The Egyptian: A Novel

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Chicago Review Press, Apr 1, 2002 - Fiction - 512 pages
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First published in the United States in 1949 and widely condemned as obscene, The Egyptian outsold every other novel published that year, and remains a classic; readers worldwide have testified to its life-changing power. It is a full-bodied re-creation of a largely forgotten era in the world’s history: the Egypt of the 14th century B.C.E., when pharaohs and gods contended with the near-collapse of history’s greatest empire. This epic tale encompasses the whole of the then-known world, from Babylon to Crete, from Thebes to Jerusalem, while centering around one unforgettable figure: Sinuhe, a man of mysterious origins who rises from the depths of degradation to become personal physician to Pharaoh Akhnaton.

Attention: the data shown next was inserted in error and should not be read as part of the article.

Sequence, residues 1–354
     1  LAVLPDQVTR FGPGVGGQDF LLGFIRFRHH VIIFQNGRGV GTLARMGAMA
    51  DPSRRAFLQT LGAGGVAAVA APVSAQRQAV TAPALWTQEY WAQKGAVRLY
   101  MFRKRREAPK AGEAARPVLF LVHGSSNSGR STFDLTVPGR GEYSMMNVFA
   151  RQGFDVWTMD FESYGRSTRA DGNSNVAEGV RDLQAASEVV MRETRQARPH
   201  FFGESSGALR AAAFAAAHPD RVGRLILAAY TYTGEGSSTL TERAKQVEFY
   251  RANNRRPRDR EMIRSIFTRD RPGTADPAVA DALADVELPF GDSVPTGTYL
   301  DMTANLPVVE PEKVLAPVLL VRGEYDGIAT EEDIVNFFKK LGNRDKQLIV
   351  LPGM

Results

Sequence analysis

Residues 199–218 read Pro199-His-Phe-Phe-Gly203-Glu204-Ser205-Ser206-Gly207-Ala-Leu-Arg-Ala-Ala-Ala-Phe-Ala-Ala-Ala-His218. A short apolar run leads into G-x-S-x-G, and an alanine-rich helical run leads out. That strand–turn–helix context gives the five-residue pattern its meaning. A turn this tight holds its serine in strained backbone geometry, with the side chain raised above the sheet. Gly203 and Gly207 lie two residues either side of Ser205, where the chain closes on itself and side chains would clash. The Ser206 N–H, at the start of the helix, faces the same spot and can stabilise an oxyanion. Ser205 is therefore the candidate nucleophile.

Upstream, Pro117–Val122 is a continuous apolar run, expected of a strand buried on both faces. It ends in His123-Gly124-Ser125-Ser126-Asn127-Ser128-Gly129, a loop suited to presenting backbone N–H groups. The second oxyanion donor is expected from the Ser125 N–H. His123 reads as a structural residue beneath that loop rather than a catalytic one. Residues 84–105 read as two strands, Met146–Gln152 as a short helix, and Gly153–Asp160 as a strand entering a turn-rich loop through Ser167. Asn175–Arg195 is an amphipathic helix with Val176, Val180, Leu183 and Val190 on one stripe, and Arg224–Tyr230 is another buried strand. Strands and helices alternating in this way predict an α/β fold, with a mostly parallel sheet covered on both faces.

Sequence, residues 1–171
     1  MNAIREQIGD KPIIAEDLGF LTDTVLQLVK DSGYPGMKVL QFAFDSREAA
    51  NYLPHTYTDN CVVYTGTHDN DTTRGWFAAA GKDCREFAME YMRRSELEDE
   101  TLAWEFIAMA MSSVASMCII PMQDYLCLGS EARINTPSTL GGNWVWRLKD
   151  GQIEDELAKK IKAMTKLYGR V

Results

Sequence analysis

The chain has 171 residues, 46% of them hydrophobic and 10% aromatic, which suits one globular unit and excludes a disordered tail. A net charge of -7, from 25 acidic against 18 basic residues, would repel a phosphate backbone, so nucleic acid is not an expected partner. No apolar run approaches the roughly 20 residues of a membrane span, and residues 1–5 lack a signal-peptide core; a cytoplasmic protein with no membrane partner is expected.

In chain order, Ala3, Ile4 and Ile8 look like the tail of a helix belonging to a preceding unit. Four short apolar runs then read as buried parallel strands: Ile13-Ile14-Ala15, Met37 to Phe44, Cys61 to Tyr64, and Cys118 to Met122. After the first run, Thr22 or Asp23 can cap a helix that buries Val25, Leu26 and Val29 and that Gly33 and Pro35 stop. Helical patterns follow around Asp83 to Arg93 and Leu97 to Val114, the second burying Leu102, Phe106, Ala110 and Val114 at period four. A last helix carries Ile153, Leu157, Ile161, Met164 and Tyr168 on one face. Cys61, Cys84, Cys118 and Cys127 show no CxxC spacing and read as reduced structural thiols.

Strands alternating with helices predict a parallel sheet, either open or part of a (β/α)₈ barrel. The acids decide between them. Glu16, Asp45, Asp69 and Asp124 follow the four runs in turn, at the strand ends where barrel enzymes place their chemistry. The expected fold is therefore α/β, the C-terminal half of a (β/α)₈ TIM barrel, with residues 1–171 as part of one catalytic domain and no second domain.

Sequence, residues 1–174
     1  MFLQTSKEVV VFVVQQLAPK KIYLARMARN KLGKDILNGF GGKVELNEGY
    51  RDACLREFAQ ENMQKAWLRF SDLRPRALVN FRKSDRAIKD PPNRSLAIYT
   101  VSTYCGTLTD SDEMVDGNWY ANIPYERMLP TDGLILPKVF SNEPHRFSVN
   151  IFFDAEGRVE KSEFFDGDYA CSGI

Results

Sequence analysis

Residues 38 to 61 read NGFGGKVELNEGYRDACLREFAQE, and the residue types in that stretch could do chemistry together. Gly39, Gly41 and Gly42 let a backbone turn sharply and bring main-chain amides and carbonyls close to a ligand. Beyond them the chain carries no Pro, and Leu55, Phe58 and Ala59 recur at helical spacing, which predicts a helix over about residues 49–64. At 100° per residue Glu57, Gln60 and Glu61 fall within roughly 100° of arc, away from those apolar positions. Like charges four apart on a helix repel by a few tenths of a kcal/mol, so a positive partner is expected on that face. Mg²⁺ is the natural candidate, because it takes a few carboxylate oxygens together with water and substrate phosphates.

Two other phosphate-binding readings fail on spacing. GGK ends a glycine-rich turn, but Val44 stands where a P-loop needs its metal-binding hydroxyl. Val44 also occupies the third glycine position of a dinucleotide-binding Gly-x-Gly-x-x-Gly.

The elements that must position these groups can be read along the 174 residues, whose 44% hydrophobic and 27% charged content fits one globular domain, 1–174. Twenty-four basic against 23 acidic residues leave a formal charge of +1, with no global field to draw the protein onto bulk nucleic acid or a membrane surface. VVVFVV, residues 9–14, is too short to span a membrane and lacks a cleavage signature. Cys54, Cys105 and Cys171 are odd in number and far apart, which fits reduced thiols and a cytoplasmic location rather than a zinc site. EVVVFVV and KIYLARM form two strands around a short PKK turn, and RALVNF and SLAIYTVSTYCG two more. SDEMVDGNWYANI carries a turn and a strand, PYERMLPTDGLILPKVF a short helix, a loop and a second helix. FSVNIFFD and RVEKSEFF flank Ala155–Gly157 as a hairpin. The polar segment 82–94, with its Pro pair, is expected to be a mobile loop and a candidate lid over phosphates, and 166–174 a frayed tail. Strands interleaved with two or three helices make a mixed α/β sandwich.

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Contents

The House of Life
27
Thebes Fever
51
Nefernefernefer
81
Copyright

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About the author (2002)

Mika Waltari (1908–1979) is best known for his historical novels, which include The Etruscan and The Roman. He is widely considered the greatest Finnish writer of the 20th century.

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